A knowing look passed across the faces of all three employees, “Ah yes , Nubia Star Drives Incorporated. When you are ready to go up, please alert the front desk and we will have someone escort you. In the meantime, can we offer you a spot of Nubian Brandy to ward off the chill of our winter months?” 

You see, the Spider Co Building was one of the more  posh business buildings in Nuba City, situated on pristine real estate a short underground shuttle trip from the capital and the halls of democracy that governed the planet. Home to a variety of offices representing businesses across the galaxy, merely having an office within was a sign of financial success. To command the top floor, well that just spoke of a richness that oozed from every pore. It was that floor that was entirely commanded by the small shipbuilding company known as Nubia Star Drives Inc. They had made a name for themselves designing some of the best and most exclusive craft the galaxy had ever known. Each was a work of art and worked flawlessly. A single freighter made by NSDInc was even able to withstand an entire blockade it was rumored.


”I think we will be alright.” The Rodian smiled as he caught a whiff of the brandy that was offered. He would have happily accepted, but they were there on business, more than business in fact. They were there under orders.


The musclebound Yuzzem smiled politely and waived a hand to decline.


”Very well,” the receptionist smiled with a slight bow as she slipped the offered glasses to the boy behind her. “If there is anything we can do to make your stay more comfortable, please do not hesitate to ask.”


Ten minutes later found the pair riding an equally ornate and spacious lift upwards through the building towards the 87th floor. It was smooth and gradual enough, one could hardly tell they were

moving at all. “Nothing like the lift tubes on the Rebel starship,” the Rodian would say later while describing their visit.


At the 87th floor, the doors opened with a pneumatic hiss. The corporate office of Nubia Star Drives was, well, not what either of them had expected. Not that they really knew what to expect, but still.


A counter seemed to run the length of the room; a room that seemed significantly smaller than it should have been. The only telltale sign that alluded to the business of the place they were in was a single large framed shot of a squadron of N-1 Star  fighters  emblazoned with the Naboo Security Corps logo image on the wall. Behind it sat a solitary man with salt and peppered hair and a mustache that probably would have been more at home atop the lip of an old world battlefield general. As he looked up over his rimmed spectacles, the bellhop stepped back into the elevator, “Your 3:75 appointment.” He spoke before the doors closed silently.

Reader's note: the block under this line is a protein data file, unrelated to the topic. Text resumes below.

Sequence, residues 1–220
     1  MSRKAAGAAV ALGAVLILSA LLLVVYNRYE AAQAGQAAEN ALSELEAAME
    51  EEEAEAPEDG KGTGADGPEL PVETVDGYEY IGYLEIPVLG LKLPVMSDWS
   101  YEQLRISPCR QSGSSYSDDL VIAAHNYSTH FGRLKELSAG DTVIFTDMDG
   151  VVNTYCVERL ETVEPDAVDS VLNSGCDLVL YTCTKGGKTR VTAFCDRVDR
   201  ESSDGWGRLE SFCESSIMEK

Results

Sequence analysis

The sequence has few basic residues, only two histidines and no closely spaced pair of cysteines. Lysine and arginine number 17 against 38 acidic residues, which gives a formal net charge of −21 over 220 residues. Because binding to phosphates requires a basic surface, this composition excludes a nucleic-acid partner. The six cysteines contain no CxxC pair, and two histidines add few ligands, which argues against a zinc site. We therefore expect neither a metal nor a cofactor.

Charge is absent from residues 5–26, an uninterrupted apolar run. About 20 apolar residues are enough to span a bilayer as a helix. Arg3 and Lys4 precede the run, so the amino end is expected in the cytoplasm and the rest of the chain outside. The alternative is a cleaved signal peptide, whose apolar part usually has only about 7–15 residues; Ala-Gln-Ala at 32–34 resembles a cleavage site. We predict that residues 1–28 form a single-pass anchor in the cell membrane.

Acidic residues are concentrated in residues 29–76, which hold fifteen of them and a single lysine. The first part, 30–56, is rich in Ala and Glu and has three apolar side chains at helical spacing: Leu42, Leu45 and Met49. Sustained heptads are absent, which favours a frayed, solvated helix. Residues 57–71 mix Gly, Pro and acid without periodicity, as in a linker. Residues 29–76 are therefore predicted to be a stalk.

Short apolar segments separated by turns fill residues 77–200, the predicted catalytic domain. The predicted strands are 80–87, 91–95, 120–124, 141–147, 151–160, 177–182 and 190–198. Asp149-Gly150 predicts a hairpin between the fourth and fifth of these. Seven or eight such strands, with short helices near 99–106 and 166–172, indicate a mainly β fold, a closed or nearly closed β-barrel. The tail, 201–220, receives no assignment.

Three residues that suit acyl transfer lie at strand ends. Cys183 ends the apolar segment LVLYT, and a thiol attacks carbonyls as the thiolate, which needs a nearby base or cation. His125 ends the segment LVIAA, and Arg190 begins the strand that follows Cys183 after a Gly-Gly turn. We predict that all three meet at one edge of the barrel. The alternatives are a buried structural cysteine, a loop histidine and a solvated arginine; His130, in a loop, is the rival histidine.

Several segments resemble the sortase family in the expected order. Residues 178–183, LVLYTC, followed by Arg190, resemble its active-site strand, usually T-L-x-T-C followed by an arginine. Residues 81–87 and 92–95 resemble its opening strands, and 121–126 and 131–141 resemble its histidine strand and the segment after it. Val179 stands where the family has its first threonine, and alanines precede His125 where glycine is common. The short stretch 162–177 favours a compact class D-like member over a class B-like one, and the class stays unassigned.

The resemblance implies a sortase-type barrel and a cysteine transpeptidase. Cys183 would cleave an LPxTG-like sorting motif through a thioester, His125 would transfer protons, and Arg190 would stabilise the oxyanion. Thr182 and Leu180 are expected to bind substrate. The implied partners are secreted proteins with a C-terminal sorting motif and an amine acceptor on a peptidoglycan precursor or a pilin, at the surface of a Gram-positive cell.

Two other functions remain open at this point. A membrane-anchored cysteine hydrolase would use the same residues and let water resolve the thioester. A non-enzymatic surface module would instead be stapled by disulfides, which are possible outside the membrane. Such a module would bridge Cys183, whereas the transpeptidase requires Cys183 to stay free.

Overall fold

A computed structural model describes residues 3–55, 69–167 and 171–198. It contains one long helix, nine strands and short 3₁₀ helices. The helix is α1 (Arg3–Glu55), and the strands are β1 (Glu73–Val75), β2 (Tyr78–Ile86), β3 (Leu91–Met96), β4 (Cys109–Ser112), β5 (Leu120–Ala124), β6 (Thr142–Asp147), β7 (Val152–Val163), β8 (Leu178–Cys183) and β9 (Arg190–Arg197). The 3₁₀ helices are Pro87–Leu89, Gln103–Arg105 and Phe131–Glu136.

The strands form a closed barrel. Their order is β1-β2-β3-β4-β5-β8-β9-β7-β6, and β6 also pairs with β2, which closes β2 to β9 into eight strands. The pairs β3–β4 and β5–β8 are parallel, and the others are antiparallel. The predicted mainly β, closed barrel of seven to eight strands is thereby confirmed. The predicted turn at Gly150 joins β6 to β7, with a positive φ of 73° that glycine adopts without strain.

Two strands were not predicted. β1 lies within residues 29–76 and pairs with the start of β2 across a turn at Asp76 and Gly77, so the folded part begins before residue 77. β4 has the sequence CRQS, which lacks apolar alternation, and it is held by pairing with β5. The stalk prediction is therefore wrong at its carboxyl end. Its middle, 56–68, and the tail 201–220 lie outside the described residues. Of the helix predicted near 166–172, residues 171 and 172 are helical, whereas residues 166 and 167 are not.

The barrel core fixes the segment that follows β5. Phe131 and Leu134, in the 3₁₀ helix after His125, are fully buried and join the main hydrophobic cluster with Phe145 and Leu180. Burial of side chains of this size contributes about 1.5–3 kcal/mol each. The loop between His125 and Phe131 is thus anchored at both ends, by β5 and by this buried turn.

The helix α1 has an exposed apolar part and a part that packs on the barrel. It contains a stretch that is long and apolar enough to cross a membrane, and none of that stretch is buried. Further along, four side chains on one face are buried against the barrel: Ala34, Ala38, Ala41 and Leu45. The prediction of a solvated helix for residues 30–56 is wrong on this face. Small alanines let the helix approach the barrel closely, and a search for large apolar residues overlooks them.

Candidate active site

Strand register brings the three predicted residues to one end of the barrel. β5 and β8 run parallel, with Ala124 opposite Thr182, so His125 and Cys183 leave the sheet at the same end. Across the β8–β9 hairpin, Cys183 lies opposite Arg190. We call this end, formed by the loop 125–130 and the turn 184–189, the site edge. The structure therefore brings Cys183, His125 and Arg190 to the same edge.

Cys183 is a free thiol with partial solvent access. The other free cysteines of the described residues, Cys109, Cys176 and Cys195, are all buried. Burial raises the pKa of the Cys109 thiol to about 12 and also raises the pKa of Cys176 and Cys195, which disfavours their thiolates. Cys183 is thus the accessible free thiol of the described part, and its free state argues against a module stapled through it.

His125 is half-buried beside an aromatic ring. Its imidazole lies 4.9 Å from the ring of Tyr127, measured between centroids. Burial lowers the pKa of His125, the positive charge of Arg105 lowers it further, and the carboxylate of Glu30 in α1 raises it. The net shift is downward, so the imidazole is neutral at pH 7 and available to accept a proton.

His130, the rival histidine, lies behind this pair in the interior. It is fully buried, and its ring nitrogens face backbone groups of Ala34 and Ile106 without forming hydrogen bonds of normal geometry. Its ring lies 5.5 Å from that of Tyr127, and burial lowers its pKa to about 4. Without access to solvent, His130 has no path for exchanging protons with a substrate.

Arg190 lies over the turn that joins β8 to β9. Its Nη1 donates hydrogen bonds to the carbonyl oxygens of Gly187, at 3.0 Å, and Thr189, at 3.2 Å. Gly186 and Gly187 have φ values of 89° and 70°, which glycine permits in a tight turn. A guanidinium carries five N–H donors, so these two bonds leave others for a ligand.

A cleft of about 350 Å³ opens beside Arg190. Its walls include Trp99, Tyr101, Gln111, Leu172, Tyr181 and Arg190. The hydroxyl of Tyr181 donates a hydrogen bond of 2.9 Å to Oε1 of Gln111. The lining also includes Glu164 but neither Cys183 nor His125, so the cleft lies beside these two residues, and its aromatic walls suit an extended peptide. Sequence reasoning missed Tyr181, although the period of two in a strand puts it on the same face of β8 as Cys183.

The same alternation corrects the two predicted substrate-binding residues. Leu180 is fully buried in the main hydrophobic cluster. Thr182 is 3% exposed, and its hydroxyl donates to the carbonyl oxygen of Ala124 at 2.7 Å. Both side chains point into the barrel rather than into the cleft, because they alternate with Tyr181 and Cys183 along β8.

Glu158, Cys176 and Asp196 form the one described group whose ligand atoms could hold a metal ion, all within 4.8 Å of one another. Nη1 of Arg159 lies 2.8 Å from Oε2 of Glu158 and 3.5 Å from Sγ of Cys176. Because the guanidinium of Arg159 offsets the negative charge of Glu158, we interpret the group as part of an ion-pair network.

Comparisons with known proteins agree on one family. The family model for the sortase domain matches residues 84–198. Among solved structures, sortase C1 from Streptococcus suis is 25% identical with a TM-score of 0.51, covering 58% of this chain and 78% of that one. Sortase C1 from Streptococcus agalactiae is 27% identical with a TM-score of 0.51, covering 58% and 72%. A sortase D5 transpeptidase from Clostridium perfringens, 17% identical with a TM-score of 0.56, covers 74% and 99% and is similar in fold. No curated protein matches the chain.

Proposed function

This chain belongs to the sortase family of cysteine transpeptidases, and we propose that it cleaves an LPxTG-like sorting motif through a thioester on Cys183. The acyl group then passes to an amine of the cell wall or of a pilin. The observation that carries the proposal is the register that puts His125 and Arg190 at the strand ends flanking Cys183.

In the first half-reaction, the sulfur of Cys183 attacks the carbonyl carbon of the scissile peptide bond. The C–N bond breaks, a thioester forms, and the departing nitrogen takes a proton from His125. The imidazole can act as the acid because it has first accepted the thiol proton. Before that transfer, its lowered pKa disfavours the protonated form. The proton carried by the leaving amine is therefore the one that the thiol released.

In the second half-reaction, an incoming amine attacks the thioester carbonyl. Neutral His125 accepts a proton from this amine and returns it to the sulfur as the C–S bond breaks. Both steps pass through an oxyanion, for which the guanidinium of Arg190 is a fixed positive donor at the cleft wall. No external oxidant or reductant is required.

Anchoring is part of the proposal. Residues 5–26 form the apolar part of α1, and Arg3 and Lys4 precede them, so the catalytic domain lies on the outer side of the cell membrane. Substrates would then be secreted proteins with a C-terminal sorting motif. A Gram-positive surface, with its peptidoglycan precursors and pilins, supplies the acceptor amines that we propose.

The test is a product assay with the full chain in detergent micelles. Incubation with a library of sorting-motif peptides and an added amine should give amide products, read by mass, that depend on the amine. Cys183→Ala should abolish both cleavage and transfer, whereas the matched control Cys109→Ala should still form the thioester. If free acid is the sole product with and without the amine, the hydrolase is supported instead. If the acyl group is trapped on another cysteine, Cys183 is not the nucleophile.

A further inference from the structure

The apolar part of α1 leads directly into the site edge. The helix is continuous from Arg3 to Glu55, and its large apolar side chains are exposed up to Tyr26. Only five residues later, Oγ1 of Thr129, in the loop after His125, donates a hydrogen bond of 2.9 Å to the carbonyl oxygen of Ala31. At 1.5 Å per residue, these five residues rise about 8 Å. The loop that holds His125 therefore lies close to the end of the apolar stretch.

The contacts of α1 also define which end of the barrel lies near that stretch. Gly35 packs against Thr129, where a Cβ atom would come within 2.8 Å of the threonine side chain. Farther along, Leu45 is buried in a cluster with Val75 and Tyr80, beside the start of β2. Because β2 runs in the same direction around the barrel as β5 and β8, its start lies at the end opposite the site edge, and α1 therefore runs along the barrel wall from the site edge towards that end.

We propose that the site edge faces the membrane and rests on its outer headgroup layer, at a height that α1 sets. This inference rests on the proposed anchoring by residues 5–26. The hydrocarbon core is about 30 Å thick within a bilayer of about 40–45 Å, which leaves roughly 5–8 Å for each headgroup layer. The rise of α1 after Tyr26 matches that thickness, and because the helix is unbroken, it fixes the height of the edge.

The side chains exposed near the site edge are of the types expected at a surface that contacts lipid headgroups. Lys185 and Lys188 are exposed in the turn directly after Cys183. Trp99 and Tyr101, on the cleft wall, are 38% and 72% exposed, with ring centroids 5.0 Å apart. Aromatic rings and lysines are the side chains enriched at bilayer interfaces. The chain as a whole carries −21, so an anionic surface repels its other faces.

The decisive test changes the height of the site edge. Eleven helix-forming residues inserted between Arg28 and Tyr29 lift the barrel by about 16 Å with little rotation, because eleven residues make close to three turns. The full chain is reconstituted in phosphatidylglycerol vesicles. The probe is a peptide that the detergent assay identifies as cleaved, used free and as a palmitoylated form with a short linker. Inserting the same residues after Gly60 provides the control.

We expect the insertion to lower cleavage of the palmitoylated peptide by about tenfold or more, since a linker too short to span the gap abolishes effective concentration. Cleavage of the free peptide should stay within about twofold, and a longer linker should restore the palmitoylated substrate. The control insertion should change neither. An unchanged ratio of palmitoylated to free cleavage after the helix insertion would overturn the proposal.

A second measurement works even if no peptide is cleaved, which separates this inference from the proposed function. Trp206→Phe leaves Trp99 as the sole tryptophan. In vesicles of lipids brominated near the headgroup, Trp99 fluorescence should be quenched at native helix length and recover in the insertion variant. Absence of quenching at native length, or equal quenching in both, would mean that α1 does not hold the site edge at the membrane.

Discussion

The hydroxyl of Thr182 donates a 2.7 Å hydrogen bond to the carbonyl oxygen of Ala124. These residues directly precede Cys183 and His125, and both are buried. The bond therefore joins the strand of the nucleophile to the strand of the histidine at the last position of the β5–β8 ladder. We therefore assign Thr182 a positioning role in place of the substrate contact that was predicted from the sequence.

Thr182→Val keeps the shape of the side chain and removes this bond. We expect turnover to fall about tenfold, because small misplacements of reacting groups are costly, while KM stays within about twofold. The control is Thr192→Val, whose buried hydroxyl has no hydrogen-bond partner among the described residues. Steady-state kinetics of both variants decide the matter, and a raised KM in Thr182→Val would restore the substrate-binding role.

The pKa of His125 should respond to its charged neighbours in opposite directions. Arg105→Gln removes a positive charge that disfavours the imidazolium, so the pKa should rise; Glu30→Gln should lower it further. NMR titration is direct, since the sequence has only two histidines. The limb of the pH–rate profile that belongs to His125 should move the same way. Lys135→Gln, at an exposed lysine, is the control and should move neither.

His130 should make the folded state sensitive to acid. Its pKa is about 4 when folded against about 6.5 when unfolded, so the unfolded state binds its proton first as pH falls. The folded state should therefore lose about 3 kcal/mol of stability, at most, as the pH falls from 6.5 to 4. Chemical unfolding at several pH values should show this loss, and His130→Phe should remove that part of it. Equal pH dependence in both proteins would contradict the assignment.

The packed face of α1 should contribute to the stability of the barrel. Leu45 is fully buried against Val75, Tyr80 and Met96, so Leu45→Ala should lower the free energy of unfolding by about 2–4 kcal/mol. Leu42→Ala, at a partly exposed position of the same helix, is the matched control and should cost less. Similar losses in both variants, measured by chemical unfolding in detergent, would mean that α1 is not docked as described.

”Ah yes,” the man beckoned the Rodian and Yuzzem forward as he consulted his ledger. There was not a computer in sight. In fact, as the two stepped up, their own electronics chirped and immediately shut down. Had they not been warned about this particular security measure it would have been alarming. As it were, they had been warned and nobody with prosthetics were selected to attend this meeting. “Yes, Let’s see here, Mister, ahh, Freedom was it?” The man’s finger landed on the appointment looking from it to the two before him clearly aware that the pseudonym was just that. “I see you have an appointment with one of our shipwrights, “Mister, ahh, Jones,” he smiled shooting the pseudonym right back at them, “will be with you momentarily.” The man gestured to a pair of leather chairs along a far wall of the mostly empty room.


The two had barely sat down when a door at the other end of the small reception room opened with a hiss.“Mister Freedom, welcome,” grinned a young woman, her blonde hair pulled back into a tight bun. “I have been looking forward to out meeting. I am,” she paused to glanfe at the ledger the elder receptionist was offering, “Mister Jones.” The smile fell from her face st the ludicrousness of such a moniker. It was only for a moment though, as she turned back towards her guests her smile lit her entire face, “Please come with me.” She turned and led them down a rather bland but rich warm green-tinged hallway past several closed doors until they reached one like the dozen others they had passed. There were no names, no numbers, nothing to differentiate any one from another. “Welcome to my office.” She said as she opened the door. “I hardly am ever here. Please pardon the lack of, well,” she gestured them into the room. A single desk with a computer monitor sat in one corner. A pair of folding chairs sat opposite. In the middle of the room a holographic display table sat unused. The entire room seemed devoid of any personal knick-knacks or additions whatsoever.